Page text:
Thursday, December 07, 2000

The Cyber Scene in Denver ~ by Suzanne Lainson

On December 7 I went to Denver's Adam's Mark Hotel to check out an
m-commerce presentation by IT consulting firm CIBER. I generally
don't attend business presentations (I'd rather scan brochures or a
website than shoot an afternoon getting the same info). But when I
saw that this was Rick Bolin's deal, I decided to go. I met Rick in
1999 when he was deputy director for the Governor's Office of
Technology and I came in wanting to talk about promoting the area
as a high tech center. At that time and since I have been impressed
with his energy and enthusiasm. In April 2000 he went to work at
CIBER as director of business development. In August he became its
wireless national practice leader and has been touring the country
making presentations to high level executives. In his overview of
m-commerce, he made a number of points, including these: We've been
using wireless for a long time (e.g., garage door openers, TV
remote controls). ..... Many of the ideas being tossed around for
wireless applications are B2C, but ROI is likely to be greatest
with B2B and B2E (business to employee). ..... Wireless is
currently much more complicated than the Internet because while the
Internet is based on one protocol to one type of device, there are
37 different wireless protocols being directed to an ever expanding
number of devices (250+).

On December 13, TiE-Rockies had its Christmas party at the St.
Francis Center across the parkway from the Denver Center for the
Performing Arts. This was open mike night and everyone in
attendance had to stand up, say who they were and what they did,
and then tell either a secret about themselves or share their most
embarrassing moment. I won't reveal who confessed what, but many of
the stories fell into one of the following categories: skiing,
camping, traveling, and food/restaurants (one of which involved
Rocky Mountain oysters, and if you don't know what those are, I'm
not going to tell you). The lesson to be learned: many of us feel
like fools when we try something new. We also found out that
Srikant Srinivasan, founder/former CEO of, just returned
from a three-month trip to Africa, that Aloke Guha, president/CEO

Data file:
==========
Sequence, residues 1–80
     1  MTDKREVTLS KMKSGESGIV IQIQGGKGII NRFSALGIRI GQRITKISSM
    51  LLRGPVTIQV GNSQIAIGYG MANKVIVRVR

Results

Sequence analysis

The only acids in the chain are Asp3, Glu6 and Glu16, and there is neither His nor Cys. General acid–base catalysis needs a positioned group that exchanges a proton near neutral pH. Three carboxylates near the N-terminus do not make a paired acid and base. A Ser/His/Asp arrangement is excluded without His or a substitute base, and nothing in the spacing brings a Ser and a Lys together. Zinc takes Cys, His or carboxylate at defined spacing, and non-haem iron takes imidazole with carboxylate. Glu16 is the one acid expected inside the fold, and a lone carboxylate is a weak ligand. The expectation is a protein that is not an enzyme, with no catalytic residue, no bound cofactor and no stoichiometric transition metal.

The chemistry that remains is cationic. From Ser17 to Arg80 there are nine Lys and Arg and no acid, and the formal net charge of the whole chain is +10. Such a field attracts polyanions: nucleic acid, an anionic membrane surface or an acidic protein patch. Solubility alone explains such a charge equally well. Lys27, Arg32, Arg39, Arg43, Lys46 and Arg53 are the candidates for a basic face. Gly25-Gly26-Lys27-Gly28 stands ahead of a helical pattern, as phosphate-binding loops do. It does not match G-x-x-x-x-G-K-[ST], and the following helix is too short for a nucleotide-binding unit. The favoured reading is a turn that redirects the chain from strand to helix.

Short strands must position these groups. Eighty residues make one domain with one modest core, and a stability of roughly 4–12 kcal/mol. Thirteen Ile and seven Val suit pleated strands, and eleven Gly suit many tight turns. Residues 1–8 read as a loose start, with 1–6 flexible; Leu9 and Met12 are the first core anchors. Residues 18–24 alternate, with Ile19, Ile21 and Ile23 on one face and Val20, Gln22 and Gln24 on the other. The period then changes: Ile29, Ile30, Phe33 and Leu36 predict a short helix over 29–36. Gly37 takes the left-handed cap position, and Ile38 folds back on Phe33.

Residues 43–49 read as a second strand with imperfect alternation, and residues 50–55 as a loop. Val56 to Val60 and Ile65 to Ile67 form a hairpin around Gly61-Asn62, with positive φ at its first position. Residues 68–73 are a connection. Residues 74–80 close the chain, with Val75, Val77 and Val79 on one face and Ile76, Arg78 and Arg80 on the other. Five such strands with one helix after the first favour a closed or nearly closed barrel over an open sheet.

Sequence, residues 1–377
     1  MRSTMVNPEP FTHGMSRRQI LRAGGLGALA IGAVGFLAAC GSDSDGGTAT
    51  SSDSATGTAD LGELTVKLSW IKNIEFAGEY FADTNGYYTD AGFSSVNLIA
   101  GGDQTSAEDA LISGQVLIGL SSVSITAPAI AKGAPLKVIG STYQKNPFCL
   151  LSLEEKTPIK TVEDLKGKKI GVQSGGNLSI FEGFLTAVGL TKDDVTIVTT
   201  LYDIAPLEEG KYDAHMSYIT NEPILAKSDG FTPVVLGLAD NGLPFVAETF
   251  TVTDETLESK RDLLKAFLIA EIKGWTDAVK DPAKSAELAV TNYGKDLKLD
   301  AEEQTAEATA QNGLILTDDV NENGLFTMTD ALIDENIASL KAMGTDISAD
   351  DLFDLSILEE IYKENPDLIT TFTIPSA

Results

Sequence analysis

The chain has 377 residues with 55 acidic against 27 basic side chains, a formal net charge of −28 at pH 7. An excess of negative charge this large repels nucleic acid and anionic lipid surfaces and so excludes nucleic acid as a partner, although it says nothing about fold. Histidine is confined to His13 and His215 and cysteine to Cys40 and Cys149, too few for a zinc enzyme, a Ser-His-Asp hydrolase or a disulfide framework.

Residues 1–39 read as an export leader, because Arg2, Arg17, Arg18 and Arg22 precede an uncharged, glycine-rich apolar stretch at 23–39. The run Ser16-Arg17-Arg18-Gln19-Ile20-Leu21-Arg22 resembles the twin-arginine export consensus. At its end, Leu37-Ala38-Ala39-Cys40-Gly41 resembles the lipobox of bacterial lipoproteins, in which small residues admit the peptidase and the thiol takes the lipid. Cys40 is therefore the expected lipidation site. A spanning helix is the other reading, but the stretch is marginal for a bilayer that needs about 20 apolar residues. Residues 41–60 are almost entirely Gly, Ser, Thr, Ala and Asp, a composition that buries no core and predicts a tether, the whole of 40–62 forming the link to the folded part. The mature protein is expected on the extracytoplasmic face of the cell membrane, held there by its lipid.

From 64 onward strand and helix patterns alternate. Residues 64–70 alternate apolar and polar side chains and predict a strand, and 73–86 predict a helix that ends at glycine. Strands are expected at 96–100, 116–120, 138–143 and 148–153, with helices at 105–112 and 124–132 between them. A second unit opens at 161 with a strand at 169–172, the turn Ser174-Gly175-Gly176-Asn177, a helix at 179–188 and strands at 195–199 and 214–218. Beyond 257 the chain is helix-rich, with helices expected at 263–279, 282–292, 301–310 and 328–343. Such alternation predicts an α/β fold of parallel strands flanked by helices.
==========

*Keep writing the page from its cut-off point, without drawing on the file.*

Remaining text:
of Datavail Systems, has been a professional opera singer, that Vic
Ahmed, president/CEO of Vroom Technologies, is, deep down inside, a
nice guy, and that Sapna Shah, former strategic planning and
business development director for Ann Taylor Stores, can recommend
a great hairdresser in New York.

On December 14, FrogMagic had a holiday party for merchants,
vendors, and friends at Denver's Heavenly Daze Brewery. (The drink
special for the night was Lilly Pad Lush.) Jared Polis, FrogMagic
founder/president was there. (He's best known for having started He's also been in the news for winning a seat on
the Colorado State Board of Education. It was a very close race and
Colorado had its own recount over that one.) Also there were COO
David Mejias, director of business development Chris Lear, and
marketing director Marci Gower. FrogMagic is a site which enables
online users to send out gifts even if all they know are
recipients' email addresses or chat names. Fifty lucky attendees
got their chance to try out the system when they won FrogMagic gift
certificates. Free frogs (stuffed, not live) were also given away.

On December 15, I attended the open house for the Holme Roberts and
Owen Boulder office. Truly a wonderful location, right on the Pearl
Street Mall, the heart of downtown Boulder. Lots of local color:
restaurants, shops, street performers, happy strolling Boulderites.
The food was excellent (served in a very intimate setting in the
law library). And I liked the fact that among the beverage
offerings were a white zinfandel and a wine punch (good for light
drinkers like myself). I had a chance to talk to attorney Mark
Wheatley, whom I have met at Colorado Internet Keiretsu events (HRO
is a CIK sponsor). And I chatted with Wayne Citrin, director of
software engineering at Latis, and Richard Bass of Colorado Service
Providers. But most of my time was spent talking about women in
business with Susan Thevenet, an attorney with HRO, Deborah
Arhelger, former CEO of Lumio Technologies, Patty Rivera,
founder/CEO of Kiditcard, and Catharine Merigold, general partner
of Vista Ventures. Everyone talked about having paid their dues,
and what was available for us and other women in the future. Stay
tuned. Plans are afoot.